My younger son will be graduating from the University of Notre Dame in May. Last Friday, he informed me that President Obama will be giving the commencement speech and will be awarded an honorary degree. I was, frankly, stunned. The joyful event of our son's graduation has now been overshadowed by a dark cloud. I am proud of my son and of all he achieved at Notre Dame, but I am ashamed of Notre Dame itself.
How can an institution that purports to be Catholic honor as a "doctor of law"literally a "teacher of law"a President who has made it very clear by word and deed that he intends to remove from the laws of this nation anything that defends unborn human life? Of course, there is more to Obama than his position on abortion and the life issues. There are things about him that anyone, Catholic or non-Catholic, can respect and admire. But can they justify overlooking his appalling stance on abortion?
Abortion is a defining issue of our time, in the way that slavery was in the mid-nineteenth century and segregation and racial discrimination were in the mid-twentieth century. Overlooking the pro-abortion views of a politician now would be analogous to overlooking pro-slavery or segregationist views in those eras. Would Notre Dame have invited a champion of segregation to be a commencement speaker in the 1960s, however brilliant or talented, however well-meaning in other ways and on other issues he or she may have been?
Some will say that there is no comparison between the issues of racial discrimination and abortion. From a Christian point of view, however, they are at root the same issue: the respect due to our fellow human beings simply as human beings. The lives of fifty million innocent human beings have been snuffed out in the United States since 1973, so it would be absurd to suggest that abortion is less serious an issue than racial discrimination.
The difference between the two issues lies not in their intrinsic moral gravity, but in the way that society views them. Virtually everyone agrees that racial discrimination is morally repugnant. There is a strong social consensus on that issue, whereas on abortion at present there is not. The social elites of this country are largely pro-choice, and being pro-choice is regarded by many as a mark of enlightenment. This, I think, has everything to do with why an institution like Notre Dame would never honor a champion of segregation, but would honor a champion of so-called abortion rights. What governs the moral reflexes of institutions like Notre Dame is not how things appear in the light of the gospel, but how they appear in the eyes of the social elitesor to use more biblical language, how they appear to the world. St. Paul told us not be "conformed to this world," but to put on the "mind of Christ." It seems that the University of Notre Dame is conforming itself to the world.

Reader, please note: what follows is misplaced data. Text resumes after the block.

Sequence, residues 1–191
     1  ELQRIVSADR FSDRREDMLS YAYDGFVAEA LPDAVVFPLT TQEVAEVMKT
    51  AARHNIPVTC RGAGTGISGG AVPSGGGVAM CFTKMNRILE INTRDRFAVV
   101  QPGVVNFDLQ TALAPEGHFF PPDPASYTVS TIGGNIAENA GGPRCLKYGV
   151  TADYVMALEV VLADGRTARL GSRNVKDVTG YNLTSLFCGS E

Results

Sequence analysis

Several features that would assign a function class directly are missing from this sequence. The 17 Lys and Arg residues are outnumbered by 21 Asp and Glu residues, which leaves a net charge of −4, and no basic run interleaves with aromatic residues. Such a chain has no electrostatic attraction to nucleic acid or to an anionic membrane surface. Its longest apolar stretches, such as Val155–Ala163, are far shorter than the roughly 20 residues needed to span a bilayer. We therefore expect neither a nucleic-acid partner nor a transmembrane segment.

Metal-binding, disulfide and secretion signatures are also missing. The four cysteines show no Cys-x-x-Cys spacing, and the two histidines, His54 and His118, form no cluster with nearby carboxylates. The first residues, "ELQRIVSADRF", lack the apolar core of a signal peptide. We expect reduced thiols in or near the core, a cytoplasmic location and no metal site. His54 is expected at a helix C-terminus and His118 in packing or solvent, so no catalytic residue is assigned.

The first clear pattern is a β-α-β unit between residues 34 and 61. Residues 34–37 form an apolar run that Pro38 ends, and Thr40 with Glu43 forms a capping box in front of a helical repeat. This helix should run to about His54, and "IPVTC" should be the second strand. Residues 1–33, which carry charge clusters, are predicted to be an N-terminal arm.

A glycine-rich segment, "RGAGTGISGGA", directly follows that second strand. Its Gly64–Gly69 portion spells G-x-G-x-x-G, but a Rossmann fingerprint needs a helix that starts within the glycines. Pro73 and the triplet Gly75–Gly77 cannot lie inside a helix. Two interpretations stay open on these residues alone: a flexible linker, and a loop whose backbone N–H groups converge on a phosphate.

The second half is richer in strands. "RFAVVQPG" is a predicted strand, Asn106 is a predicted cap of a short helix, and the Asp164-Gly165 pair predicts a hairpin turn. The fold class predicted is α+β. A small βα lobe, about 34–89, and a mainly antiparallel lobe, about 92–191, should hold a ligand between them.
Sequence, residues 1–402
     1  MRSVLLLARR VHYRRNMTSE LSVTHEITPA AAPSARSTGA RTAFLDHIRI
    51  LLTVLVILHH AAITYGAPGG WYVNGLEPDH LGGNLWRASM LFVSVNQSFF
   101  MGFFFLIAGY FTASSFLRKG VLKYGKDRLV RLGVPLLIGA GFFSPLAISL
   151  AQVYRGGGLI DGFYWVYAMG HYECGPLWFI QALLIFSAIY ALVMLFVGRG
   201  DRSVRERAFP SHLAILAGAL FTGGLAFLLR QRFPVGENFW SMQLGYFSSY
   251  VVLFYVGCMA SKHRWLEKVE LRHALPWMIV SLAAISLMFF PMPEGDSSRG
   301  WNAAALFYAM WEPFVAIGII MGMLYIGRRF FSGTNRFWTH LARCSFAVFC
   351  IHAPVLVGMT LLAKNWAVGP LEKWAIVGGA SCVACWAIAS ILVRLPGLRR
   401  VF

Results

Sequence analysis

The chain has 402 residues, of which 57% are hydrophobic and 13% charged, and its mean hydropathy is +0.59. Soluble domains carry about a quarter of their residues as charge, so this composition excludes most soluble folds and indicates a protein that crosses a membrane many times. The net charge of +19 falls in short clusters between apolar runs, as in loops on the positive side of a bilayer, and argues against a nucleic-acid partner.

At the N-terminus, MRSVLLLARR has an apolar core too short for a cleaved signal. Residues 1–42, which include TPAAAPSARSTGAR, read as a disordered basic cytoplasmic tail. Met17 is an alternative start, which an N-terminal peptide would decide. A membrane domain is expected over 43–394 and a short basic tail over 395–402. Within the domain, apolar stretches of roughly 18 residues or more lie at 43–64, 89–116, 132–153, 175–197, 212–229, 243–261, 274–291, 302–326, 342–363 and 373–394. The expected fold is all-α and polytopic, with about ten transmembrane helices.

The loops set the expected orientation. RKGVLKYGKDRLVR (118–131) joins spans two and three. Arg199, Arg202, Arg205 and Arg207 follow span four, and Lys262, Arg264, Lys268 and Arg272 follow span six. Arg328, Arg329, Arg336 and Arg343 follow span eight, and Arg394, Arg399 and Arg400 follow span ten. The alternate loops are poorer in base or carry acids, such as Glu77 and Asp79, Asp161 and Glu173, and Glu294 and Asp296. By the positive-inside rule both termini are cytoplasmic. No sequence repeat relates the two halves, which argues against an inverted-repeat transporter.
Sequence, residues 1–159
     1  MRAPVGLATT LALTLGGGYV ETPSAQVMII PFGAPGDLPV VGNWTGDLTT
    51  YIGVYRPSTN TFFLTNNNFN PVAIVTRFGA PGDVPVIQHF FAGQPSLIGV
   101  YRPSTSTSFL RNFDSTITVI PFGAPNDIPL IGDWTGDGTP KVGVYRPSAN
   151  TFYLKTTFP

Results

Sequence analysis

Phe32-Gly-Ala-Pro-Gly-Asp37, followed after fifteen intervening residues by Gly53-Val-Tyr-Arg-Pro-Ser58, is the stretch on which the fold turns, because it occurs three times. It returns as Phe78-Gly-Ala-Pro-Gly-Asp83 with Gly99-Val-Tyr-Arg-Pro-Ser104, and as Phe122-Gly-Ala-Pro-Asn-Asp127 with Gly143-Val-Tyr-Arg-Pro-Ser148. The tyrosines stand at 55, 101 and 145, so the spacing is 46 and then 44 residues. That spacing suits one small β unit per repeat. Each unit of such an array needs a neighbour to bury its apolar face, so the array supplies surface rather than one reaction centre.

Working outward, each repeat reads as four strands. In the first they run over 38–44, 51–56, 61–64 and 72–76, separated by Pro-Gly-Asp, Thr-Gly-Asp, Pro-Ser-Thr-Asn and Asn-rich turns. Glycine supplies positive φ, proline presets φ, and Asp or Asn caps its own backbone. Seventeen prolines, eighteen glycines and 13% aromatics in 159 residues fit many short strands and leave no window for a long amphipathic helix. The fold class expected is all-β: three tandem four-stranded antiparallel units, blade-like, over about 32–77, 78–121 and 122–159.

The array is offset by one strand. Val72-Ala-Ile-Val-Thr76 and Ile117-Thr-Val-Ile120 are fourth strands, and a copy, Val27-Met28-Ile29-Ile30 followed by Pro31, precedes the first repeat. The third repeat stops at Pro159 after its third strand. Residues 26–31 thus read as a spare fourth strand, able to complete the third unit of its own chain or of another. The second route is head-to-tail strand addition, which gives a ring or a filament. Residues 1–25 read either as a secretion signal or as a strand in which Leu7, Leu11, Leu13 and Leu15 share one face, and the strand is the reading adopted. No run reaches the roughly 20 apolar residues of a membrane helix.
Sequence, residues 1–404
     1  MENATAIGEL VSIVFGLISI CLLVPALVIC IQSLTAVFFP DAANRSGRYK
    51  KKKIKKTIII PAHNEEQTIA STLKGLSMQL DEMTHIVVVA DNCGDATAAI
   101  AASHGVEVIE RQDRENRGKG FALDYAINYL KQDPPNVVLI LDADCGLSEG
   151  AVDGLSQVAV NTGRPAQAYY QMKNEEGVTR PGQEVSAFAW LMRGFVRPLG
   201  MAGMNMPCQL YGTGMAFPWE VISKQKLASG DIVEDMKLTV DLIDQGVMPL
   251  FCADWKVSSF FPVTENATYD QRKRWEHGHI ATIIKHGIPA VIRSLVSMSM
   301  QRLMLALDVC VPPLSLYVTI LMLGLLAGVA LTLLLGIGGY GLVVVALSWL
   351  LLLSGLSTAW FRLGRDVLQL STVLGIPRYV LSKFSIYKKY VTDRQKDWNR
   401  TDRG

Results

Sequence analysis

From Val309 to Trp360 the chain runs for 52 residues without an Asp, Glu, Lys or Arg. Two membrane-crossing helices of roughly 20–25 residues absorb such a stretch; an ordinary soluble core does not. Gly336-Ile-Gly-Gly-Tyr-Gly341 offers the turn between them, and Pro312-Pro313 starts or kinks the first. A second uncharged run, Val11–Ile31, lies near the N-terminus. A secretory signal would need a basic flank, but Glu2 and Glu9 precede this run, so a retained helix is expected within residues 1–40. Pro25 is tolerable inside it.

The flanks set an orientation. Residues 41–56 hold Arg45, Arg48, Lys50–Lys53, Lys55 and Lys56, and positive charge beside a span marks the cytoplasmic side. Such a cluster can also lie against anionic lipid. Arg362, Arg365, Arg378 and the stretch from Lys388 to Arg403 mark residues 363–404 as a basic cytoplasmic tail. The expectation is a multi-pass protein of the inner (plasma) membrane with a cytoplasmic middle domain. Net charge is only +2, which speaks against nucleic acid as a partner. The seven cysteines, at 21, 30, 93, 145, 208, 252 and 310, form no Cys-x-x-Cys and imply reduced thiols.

While the news about President Obama's honorary degree was a nasty shock, I am not actually surprised. Nor was I surprised when Fr. Jenkins did his ignominious retreat on the Vagina Monologues a few years ago. Why was I not surprised then, and why am I not surprised now? It has to do with an experience I had three years ago, when my wife and I were attending Junior Parents' Weekend at Notre Dame for our older son. At that point Fr. Jenkins was still holding the line against showing the Monologues on campus. An article about the controversy had just appeared in the New York Times the previous day, and the tone of the article was distinctly anti-Jenkins. (It featured statements by Fr. Theodore Hesburgh critical of Jenkins's standa revolting act of perfidy if ever there was one.) After the banquet for the juniors and their parents, I approached Fr. Jenkins to congratulate him and encourage him. I planned to say, "The New York Times doesn't like you. But hang in there; you're doing the right thing."
I got no further than the first sentence before Fr. Jenkins replied, "I didn't think the article was that bad." He sounded like he was trying to convince himself that the article's treatment of him was not negative. I said no more to him but rejoined my wife and immediately said to her, "I think he is going to cave." There was something about what he said and the way he said it that made me realize that Fr. Jenkins craved the good opinion of the New York Times and its readers. That is natural, of course. We all like to be thought well of and to be spoken well of. But it is a weakness nonetheless, and one that we have been warned about: "Woe unto you, when all men shall speak well of you . . ."
That earlier betrayal by Notre Dame was caused by fear of the world's disapproval. The present one is caused by desire for worldly status. There is a Faustian bargain being struck. President Obama has been feeling great heat on the life issues due to the courageous stands by many of the country's Catholic bishops. Speaking at and being honored by Notre Dame is a way for him to insulate himself from that heat. In return, Notre Dame gets to seem important, by basking in the glory of a presidential visit. The university is willing to sacrifice the integrity of the Church's moral witness on the central social-justice issue of our time to pursue its institutional ambitions.
Let us pray for the University of Notre Dame.
Stephen M. Barr, a member of the editorial advisory board of First Things, is professor of physics at the Bartol Research Institute.